Workplace safety in healthcare: Strategies and resources
Tuesday, May 24, 2016
Workplace injuries and illness are expensive — both in terms of the organization's bottom line and the morale of employees. As the healthcare delivery system continues to evolve, new workflows and ways of accomplishing the work to be done will change, necessitating updates to policy, plans and training.
Below are strategies and resources that can help leaders manage workplace risks and keep employees safe.
- Assess and reassess hazards in the workplace, including the general work environment and role specific hazards.
- Use evaluation checklists or other tools to assess the effectiveness of your organization's Injury and Illness Prevention Program (IIPP) and make updates as new risks are identified.
- Annually assess the safety culture of your organization to identify issues and opportunities for improvement and increase awareness among workers. A six-question evidence-based survey developed by the National Institute for Occupational Safety and Health (NIOSH) is an ideal starting point. In addition, results from existing Patient Safety Culture Survey reports can also reveal workplace safety issues.
- Explore specific examples of activities and interventions to improve safety as outlined in Chapter 3 of the Improving Patient and Worker Safety monograph by the Joint Commission. Topics include personal protective equipment, violence and fatigue/distress, etc .
- The American Society for Healthcare Risk Management (ASHRM) has prepared a Workplace Violence Risk Assessment toolkit to assist healthcare facilities in being proactive in their prevention and response to an event. In addition, the Federal Bureau of Investigation's (FBI) video "Run. Hide. Fight. Surviving an Active Shooter Event" is an excellent educational resource to help workers create their own personal plan.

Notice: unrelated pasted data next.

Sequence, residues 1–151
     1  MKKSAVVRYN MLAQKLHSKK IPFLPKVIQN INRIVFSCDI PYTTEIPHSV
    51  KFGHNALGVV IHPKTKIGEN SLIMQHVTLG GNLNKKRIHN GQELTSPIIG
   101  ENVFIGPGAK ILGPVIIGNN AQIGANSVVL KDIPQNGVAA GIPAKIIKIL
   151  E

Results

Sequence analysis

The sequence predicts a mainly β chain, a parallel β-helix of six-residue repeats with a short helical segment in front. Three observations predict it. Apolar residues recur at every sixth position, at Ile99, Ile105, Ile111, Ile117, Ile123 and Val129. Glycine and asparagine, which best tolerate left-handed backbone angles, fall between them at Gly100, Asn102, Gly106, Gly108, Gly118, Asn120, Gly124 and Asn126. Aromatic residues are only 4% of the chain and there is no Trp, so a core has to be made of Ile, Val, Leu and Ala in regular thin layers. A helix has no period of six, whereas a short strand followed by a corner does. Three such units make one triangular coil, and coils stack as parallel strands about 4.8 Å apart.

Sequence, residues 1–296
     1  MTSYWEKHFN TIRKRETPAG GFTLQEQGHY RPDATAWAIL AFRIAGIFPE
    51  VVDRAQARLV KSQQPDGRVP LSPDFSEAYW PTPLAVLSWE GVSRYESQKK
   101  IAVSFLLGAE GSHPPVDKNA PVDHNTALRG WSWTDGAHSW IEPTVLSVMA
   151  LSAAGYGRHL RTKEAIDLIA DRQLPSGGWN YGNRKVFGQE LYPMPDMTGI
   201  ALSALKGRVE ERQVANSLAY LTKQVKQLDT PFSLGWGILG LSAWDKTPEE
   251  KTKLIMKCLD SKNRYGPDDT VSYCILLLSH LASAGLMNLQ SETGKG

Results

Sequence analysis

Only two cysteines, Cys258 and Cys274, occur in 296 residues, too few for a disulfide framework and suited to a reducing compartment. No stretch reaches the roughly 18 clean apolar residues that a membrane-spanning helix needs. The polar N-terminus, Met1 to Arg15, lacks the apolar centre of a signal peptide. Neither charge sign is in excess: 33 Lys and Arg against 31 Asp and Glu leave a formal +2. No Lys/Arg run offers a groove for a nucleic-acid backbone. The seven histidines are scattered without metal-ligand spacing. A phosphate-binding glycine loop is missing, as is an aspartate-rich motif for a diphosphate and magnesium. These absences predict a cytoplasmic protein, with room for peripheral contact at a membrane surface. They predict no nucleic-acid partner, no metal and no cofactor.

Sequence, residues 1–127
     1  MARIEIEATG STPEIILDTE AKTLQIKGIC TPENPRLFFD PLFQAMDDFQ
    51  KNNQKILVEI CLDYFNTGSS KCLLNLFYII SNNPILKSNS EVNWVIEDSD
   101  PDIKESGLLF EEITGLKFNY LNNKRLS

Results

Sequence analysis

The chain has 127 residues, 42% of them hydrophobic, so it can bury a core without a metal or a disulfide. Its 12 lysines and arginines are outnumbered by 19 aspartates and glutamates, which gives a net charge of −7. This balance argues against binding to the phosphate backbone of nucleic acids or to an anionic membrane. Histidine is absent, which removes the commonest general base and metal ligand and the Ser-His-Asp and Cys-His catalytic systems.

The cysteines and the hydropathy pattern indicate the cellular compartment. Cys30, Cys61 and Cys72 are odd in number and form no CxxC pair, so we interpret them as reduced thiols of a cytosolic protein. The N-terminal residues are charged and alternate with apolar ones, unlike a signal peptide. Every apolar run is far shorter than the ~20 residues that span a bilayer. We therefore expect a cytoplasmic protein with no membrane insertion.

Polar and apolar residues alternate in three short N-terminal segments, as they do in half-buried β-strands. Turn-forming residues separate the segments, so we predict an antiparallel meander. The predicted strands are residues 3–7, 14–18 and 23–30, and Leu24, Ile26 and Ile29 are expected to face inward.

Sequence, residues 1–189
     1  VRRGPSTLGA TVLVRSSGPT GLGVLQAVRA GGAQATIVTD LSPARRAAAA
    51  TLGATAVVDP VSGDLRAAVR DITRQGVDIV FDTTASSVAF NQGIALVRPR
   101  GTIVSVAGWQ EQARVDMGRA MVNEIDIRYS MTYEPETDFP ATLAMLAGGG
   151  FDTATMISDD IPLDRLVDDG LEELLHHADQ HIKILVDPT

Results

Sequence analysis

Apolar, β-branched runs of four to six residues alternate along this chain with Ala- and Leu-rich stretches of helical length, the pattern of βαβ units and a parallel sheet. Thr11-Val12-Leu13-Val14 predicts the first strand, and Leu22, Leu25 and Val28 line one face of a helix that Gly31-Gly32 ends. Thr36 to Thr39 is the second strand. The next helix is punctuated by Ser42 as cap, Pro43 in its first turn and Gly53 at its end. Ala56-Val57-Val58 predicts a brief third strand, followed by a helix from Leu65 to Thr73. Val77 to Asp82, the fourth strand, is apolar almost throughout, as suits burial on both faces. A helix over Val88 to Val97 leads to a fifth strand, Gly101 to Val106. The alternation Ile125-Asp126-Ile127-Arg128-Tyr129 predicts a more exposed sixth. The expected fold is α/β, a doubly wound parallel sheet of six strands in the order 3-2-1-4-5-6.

- Employers are responsible for supervising employees who work remotely, and this includes ensuring their safety. Identify safety measures needed when these employees work from home, mobile or in a patient home. Train employees to recognize and respond to unsafe conditions in their work environment(s).
- The Centers for Disease Control and Prevention (CDC) is offering outreach and educational calls and webinars to provide guidance for healthcare professionals on the Zika virus.
- TeamSTEPPS is an evidence-based system for improving communication and teamwork skills among healthcare professionals. The situational monitoring process and I'm SAFE Checklist are two of the techniques that can help employees recognize risks to their safety — including whether they or their co-workers are ready to perform.
- Communication — including nonverbal — failure is typically at the center of most injuries, grievances, complaints and lawsuits. Encourage workers to speak up if they see an unsafe condition or if they have questions. Everyone is responsible for safety and for reporting unsafe conditions to their supervisor and/or safety officer, and this should be made clear during orientation and annual training.
- Actively investigate safety concerns identified or reported by workers, and take action to correct deficiencies or make improvements. If the investigation doesn't support change or corrective actions, provide feedback and education to those expressing safety concerns.
- Document, document, document identified safety issues, complaints, investigation findings, communications and corrective actions taken to create a record of safety activities. The documentation may be needed during OSHA inspections or for liability claims.
Employees and other healthcare workers will focus their attention to those areas that are perceived to be important to their supervisors and leadership. Clearly setting the expectation that safety is important, and continually reinforcing this expectation with both actions and words, is the single most important strategy a leader can perform.
When was the last time you discussed safety in the workplace with your team?
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